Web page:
Neural mechanisms underlying peak-dose dyskinesia induced by levodopa and apomorphine are distinct: Evidence from the effects of the alpha2 adrenoceptor antagonist idazoxan
Article first published online: 16 JUL 2001
Copyright © 2001 Movement Disorder Society
Volume 16, Issue 4, pages 642–650, July 2001
How to Cite
Fox, S. H., Henry, B., Hill, M. P., Peggs, D., Crossman, A. R. and Brotchie, J. M. (2001), Neural mechanisms underlying peak-dose dyskinesia induced by levodopa and apomorphine are distinct: Evidence from the effects of the alpha2 adrenoceptor antagonist idazoxan. Mov. Disord., 16: 642–650. doi: 10.1002/mds.1148
- Issue published online: 26 JUL 2001
- Article first published online: 16 JUL 2001
- Manuscript Accepted: 29 DEC 2000
- Manuscript Revised: 15 DEC 2000
- Manuscript Received: 18 JUL 2000
- Parkinson's disease;
- alpha2 adrenergic receptor antagonists;
- 1-methyl-4-phenyl-1,2,3,6-tetrahydropyridine (MPTP)-lesioned marmoset
Dyskinesia, secondary to dopamine replacement therapy, is the major complication of currently available therapies for Parkinson's disease. Alpha2 adrenoceptor antagonists, such as idazoxan, can significantly reduce levodopa-induced dyskinesia in the 1-methyl-4-phenyl-1,2,3,6-tetrahydropyridine (MPTP)-lesioned, nonhuman primate model of Parkinson's disease and in human. This action of adrenoceptor antagonists may involve blockade of the actions of noradrenaline synthesised from levodopa. We hypothesise that, because dopamine receptor agonists, such as apomorphine, cannot be metabolised to produce noradrenaline, activation of adrenoceptors may not be involved in dyskinesia produced by such agents. If this were the case, idazoxan would not be expected to reduce apomorphine-induced dyskinesia.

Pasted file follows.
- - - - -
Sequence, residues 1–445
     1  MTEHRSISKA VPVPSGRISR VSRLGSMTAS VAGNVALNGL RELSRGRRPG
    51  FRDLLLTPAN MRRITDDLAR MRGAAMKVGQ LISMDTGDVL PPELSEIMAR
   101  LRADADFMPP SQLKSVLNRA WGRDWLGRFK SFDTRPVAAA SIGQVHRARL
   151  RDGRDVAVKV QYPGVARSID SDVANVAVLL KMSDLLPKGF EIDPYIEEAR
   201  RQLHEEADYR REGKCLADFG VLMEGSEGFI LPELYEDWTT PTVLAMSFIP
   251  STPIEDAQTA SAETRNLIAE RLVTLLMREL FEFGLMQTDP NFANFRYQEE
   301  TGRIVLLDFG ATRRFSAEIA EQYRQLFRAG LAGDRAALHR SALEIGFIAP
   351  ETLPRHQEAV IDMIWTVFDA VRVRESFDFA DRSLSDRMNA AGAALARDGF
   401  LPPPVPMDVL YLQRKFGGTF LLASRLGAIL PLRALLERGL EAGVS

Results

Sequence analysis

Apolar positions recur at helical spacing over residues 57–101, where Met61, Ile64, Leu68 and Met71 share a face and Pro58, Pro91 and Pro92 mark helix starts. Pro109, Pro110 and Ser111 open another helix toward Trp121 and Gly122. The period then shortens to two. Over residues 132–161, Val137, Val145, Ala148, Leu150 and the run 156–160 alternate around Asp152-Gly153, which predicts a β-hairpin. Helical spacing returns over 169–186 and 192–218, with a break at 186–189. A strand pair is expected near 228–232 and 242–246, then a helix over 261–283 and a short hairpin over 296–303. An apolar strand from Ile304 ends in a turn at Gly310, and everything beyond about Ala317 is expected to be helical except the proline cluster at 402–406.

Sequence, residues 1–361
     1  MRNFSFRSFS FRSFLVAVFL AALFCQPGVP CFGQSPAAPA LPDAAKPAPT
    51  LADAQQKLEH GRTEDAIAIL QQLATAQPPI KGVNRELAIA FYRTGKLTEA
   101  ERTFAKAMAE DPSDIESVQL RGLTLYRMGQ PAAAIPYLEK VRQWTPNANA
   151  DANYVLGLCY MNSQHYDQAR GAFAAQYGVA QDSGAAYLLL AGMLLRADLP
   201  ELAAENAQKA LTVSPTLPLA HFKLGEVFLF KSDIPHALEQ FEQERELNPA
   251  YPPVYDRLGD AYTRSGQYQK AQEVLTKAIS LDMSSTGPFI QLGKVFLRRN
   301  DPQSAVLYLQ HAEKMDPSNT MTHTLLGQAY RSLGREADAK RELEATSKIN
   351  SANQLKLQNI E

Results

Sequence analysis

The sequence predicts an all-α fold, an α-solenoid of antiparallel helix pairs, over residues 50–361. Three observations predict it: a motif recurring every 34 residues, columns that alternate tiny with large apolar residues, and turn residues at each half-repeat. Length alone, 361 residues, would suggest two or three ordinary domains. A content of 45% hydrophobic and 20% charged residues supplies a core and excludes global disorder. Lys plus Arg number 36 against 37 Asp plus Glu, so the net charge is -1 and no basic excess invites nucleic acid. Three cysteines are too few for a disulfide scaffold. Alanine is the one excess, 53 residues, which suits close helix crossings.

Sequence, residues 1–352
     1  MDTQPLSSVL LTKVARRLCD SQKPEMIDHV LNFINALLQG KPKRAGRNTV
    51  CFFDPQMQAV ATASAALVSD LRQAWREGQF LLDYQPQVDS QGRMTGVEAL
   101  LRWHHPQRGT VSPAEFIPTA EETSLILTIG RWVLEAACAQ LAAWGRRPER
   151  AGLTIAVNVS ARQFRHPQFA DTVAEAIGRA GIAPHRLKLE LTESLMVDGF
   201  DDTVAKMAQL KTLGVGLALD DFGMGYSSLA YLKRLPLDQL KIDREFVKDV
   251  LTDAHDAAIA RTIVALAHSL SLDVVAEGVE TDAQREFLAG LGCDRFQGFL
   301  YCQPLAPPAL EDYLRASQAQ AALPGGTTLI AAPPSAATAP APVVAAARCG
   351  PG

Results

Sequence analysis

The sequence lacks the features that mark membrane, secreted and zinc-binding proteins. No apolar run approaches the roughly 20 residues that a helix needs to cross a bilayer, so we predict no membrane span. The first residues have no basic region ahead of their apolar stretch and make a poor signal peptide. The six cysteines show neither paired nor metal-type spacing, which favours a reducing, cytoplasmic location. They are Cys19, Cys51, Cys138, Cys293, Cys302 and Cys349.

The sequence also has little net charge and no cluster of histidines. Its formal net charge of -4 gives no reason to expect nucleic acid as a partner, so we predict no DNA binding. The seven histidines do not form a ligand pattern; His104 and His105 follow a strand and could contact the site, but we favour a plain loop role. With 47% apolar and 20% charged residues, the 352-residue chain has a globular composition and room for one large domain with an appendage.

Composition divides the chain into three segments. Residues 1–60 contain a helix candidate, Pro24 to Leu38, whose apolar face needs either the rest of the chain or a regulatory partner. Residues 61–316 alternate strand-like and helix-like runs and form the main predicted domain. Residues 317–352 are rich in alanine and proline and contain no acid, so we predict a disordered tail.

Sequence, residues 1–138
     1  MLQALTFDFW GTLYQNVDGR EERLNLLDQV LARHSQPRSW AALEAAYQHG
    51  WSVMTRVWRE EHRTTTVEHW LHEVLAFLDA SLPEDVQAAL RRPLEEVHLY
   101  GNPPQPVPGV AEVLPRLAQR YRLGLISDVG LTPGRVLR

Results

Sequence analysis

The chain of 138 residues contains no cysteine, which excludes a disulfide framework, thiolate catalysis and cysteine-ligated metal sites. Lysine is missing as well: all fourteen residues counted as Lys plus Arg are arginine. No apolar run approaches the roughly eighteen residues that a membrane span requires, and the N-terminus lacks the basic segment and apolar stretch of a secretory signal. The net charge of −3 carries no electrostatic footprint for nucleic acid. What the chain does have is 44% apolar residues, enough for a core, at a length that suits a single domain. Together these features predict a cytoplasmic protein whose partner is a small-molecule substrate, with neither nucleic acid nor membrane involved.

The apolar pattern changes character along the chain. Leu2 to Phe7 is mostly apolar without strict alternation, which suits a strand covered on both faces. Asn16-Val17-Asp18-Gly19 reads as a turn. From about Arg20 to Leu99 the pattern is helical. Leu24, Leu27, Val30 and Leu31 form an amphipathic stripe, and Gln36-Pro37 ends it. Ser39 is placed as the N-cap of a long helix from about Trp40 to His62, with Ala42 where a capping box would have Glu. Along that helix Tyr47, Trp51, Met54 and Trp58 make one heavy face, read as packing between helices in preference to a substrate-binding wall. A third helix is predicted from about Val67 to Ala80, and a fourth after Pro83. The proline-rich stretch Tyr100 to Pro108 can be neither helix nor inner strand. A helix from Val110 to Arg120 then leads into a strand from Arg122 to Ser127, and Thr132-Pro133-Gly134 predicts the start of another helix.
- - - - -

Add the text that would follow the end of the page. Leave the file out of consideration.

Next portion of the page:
MPTP-lesioned marmosets with stable dyskinesia induced by prolonged levodopa therapy were given an acute challenge with apomorphine (0.3 mg/kg s.c.) or levodopa (8.0 mg/kg p.o.), these doses produced equivalent peak-dose dyskinesia. Idazoxan (2.5 mg/kg p.o.), or vehicle, was then administered with either apomorphine or levodopa. Idazoxan abolished levodopa-induced dyskinesia but did not affect apomorphine-induced dyskinesia (P < 0.05 and P > 0.05, respectively, Wilcoxon matched pairs test). Idazoxan also extended the anti-parkinsonian actions of levodopa but did not affect those of apomorphine.
The pharmacological characteristics of the neural mechanisms underlying levodopa-induced dyskinesia and apomorphine-induced dyskinesia in parkinsonism thus appear to be distinct, at least with respect to the involvement of alpha2 adrenoceptors. Specifically, levodopa, but not apomorphine-induced dyskinesia, involves activation of adrenoceptors. This finding may have major implications for understanding dyskinesia and should be borne in mind when designing clinical studies in which levodopa or dopamine receptor agonist challenges are employed to assess potential anti-dyskinetic properties of drugs. © 2001 Movement Disorder Society.